Thursday, September 29, 2005

A Word From My Better Half

During a quiet moment in our household, my wife put her hand on my shoulder, looked into my eyes, and said,

"I hated your last blog entry."

I asked why.

"I couldn't tell if you were bragging, or whining. Sounded like a little of both."

For those who don't know my wife, she's a wonderful person and I'm lucky to have her. It's doubtful I could have weathered a decade of rejection without her constant support. So when she says something, I take notice.

"My blog is all about the publishing industry" I told her. "I'm just showing how busy a professional writer is."

"Do you remember all those years you weren't published? How much you whined about that? Now you've got what you've always wanted, and you're still whining."

"I'm behind in everything, and I wanted to let people know why."

"See? You're whining again."

"Maybe I'll go whining to a divorce attorney."

"I won't divorce you until you make more money."

Such is love.

But I would like to use this instance to bring up a point never mentioned on blogs--the importance of a significant other.

Writers are perhaps more insecure than the general population. We need support networks. My primary support has been my wife. She's my first reader and editor, the one I talk to about every aspect of this business, the one whose opinion I value most. It can't be easy living with a writer--especially me. But my wife is always encouraging, always there for me, and always has a wonderful sense of humor about everything.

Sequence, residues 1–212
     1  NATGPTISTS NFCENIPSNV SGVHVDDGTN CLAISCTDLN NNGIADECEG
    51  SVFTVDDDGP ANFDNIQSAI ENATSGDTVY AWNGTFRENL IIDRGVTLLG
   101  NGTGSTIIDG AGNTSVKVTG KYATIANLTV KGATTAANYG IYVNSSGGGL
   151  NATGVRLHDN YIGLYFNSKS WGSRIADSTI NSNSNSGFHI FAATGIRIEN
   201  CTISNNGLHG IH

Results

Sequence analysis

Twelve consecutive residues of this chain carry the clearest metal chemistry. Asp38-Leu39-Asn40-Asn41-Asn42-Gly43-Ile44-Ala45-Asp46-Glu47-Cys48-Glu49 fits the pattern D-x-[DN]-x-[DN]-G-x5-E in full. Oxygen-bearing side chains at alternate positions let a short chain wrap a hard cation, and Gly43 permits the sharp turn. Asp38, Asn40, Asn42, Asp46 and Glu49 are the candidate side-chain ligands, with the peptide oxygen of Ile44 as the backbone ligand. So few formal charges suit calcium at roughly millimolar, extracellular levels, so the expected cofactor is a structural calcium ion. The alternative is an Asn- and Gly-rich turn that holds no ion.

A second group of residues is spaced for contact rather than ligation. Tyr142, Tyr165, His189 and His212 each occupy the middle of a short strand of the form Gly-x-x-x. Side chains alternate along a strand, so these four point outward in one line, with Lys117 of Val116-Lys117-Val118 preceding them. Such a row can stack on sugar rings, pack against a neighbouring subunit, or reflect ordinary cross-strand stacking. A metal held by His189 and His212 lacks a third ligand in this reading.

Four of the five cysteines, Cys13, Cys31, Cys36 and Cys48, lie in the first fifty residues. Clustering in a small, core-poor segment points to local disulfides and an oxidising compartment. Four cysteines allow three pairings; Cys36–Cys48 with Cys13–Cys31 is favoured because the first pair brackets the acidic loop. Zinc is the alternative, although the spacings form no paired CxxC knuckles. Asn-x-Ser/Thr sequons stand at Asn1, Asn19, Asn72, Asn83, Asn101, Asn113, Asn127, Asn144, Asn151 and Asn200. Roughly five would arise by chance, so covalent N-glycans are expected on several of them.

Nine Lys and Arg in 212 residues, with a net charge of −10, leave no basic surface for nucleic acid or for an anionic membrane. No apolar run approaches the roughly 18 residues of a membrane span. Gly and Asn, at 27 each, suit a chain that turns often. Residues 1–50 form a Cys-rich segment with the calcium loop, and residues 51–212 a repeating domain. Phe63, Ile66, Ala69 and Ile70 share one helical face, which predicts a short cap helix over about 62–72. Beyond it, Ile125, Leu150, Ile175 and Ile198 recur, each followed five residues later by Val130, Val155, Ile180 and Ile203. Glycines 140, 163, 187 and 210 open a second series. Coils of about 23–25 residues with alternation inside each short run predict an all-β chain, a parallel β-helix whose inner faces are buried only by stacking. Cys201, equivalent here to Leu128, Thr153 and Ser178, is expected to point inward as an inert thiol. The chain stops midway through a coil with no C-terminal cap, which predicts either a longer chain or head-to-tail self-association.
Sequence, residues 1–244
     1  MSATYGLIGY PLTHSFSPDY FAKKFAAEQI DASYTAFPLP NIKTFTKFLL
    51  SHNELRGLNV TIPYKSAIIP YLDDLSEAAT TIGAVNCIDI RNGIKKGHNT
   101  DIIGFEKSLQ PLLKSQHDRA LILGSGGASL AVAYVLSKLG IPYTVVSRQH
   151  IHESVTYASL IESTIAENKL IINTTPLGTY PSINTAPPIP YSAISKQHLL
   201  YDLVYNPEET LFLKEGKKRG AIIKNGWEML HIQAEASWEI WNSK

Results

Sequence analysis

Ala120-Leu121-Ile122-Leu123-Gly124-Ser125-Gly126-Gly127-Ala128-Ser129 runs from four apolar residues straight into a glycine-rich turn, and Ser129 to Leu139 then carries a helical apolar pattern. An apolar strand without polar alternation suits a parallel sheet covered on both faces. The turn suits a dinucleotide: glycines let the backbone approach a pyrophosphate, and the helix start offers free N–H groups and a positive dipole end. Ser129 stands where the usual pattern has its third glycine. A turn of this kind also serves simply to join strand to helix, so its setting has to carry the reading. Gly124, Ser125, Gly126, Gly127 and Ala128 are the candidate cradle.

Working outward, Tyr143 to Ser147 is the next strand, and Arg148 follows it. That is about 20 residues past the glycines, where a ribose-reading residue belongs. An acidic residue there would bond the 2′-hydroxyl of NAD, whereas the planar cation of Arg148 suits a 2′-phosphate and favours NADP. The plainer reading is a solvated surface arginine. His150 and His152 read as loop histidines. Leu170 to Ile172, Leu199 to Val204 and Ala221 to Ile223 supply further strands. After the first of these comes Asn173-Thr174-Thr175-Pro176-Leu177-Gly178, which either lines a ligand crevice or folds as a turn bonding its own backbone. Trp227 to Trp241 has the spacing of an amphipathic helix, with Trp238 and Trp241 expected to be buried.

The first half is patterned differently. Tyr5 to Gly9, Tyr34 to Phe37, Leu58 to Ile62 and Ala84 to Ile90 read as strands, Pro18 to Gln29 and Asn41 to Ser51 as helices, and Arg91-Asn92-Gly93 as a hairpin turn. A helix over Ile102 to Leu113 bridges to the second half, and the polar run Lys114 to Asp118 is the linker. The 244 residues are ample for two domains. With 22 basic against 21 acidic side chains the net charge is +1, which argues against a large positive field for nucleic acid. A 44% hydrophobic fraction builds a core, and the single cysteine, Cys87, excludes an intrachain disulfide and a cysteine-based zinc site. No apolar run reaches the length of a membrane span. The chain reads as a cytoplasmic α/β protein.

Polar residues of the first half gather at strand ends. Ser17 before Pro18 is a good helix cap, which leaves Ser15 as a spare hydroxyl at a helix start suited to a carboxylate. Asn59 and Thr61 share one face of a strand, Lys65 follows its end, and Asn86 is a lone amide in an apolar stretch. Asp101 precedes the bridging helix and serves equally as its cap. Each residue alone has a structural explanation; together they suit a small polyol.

I often say during library speeches, "The single most important thing any of you can do to get published, is marry my wife."

It gets a laugh. But it's true.

So, go on. Go give that significant other a big hug and tell them how much they mean to you. They've felt every rejeciton, just as you have. They've been a part of every victory. In many ways, they're living the publishing life too.

Thanks, Maria!

13 comments:

Jim Winter said...

Same here. And it helps if you marry a writer, too.

Then again, I also let her get on my blog and shame and humiliate me.

But I've got a project out she's not doing the first read on, and it makes me nervous. If I didn't have another one coming back, I'd have left it to her.

Rob Gregory Browne said...

Couldn't be more true, Joe. I don't let my wife read my drafts (I want her to hold the book in her hands when she reads it -- okay, the ARC), but she has always given me the support I need to carry on. We're lucky guys.

PJ Parrish said...

Amen brother. My husband has been key in each crucial juncture of my novelizing career. He:

1. Let me quit the day job so I could make us rich as a romance writer. ("Okay, I'll give you five years then you have to go back to work.")

2. Made me get back in the saddle after my romance publisher dropped me. ("Either start writing again or get a job.")

3. Suggested, when I tried to write my first mystery, that I team up with my sister. ("I'm on page 203 and there's nobody dead yet. Why don't you call your sister?")

4. Held my hand as they announced the Edgar. ("Your book was better. You want another glass of wine?")

5. And lastly, came to me the day after he retired and offered to be my Cabana Boy. ("What can I take off your hands so you can write more?")

I swear, the only reason I want to make money at this gig is so I can support him in the style to which he deserves to become accustomed.

Mark Terry said...